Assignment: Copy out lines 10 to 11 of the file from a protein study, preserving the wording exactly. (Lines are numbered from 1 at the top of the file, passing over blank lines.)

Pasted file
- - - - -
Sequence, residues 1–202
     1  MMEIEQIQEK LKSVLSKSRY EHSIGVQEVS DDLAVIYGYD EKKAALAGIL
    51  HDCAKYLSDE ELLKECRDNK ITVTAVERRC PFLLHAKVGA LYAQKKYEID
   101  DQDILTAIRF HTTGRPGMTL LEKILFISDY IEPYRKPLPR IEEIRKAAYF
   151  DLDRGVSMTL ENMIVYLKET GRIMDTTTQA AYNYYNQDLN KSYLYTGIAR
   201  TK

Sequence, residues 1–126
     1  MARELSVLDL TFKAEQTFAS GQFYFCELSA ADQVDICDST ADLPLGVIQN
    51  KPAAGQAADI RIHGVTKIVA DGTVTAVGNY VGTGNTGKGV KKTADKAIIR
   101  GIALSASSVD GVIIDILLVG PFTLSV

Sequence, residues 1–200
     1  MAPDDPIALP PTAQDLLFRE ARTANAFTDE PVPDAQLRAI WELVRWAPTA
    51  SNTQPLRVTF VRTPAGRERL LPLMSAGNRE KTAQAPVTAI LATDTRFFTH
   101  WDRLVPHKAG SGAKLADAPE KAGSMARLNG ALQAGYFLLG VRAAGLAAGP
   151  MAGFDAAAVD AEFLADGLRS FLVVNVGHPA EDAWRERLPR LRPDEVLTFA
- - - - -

   101  GIALSASSVD GVIIDILLVG PFTLSV

Sequence, residues 1–200